Why on earth did he think that was funny?
“Can I get you anything?”
“I already ordered, thanks.”
He looked like he was about to say something else but, seeing the line of people behind him, he gave a little wave to Carmela and then moved off. In the early evening rush of customers, I eventually forgot about him.
Sometimes there’s no rhyme or reason to when the café is busy or quiet. We can usually anticipate when there would be lulls—mid-morning, mid-afternoon—but today I had learned for the first time that when it snowed, mornings were quieter than usual and early evenings were a madhouse. Part of the crowd was Christmas shoppers stopping in to warm up before heading home, the rest seemed to be people who were celebrating the fact that they’d survived the great storm of 2022—we had, after all gotten almost four inches of snow.
For the next hour, Carmela, Lucia, and I didn’t stop. Between taking orders, making drinks, serving the customers, taking payments, and clearing tables, there was no time to stay on top of the dishwashing or the trash. I dreaded what the kitchen was going to look like when it was time to close up.
After the last customer left, I locked the door and put up the “Chiuso” (closed) sign. Lucia started clearing and wiping down the tables.
“I almost forgot,” she said suddenly. “Isabella called earlier to let you know you left your phone at the bakery. Simona brought it over a little while ago and I put it in the drawer under the cash register.” At first, I thought she meant the flip phone and had a moment of panic, but patted my pocket and realized it was still there.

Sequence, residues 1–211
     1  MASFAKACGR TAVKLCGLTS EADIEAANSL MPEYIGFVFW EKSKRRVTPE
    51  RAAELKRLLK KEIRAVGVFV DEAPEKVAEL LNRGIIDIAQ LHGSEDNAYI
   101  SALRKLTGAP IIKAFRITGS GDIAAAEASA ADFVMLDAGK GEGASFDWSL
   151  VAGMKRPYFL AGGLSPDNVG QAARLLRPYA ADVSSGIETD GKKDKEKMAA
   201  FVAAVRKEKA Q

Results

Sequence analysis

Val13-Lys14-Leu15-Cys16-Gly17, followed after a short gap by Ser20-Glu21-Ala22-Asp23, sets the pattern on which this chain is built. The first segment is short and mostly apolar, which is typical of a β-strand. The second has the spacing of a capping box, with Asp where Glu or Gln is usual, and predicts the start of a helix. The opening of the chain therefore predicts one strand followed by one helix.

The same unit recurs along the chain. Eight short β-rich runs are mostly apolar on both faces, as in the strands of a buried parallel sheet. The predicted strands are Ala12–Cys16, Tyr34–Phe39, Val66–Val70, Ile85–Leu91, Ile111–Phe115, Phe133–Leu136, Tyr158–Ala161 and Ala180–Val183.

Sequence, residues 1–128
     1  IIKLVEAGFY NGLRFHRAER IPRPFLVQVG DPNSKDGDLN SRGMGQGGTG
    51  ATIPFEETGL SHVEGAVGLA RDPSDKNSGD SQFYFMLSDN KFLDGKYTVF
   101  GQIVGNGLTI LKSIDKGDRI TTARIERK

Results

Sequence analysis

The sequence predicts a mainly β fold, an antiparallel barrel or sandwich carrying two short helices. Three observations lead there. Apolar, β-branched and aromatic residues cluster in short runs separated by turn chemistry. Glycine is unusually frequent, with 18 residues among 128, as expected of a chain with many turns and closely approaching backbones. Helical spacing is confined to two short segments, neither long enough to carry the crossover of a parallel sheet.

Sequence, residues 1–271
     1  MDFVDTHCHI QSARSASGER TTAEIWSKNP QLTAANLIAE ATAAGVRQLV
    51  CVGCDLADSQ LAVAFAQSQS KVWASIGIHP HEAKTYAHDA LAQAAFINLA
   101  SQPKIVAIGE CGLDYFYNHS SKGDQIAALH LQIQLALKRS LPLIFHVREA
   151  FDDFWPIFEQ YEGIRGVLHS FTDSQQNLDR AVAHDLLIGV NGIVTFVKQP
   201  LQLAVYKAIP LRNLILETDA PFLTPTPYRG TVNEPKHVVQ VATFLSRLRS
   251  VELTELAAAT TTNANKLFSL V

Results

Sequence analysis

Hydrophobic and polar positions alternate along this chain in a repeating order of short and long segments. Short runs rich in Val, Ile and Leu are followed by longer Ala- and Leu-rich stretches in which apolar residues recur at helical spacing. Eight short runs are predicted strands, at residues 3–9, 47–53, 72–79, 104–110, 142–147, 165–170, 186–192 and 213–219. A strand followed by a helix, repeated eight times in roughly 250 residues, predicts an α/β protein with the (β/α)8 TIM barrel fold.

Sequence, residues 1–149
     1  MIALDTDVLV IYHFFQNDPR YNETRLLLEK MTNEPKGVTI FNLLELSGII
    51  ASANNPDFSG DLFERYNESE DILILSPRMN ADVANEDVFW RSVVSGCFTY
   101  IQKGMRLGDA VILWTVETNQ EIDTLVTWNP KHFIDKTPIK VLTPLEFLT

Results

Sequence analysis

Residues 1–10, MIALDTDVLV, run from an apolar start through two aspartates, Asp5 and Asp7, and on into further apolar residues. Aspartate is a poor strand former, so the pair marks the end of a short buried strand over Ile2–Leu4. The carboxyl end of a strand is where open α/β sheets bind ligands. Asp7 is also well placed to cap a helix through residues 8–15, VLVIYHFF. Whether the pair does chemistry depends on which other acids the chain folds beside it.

Carmela was tallying the day’s receipts so she retrieved the phone and tossed it to me as I headed to the kitchen to tackle the mess that had accumulated over the last two hours.
Just as I was opening the door, Carmela yelled, “Anastasia, wait a second!” but she was too late.
Instead of sinks full of unwashed dishes, overstuffed trash bags, and cluttered counters, I found that everything was immaculate and exactly where it should be—except for the man standing there folding dishtowels. He shouldn’t have been there at all.
“Oh, hi,” he said casually. “I hope you don’t mind.”
I backed out through the swinging door. “Carmela!”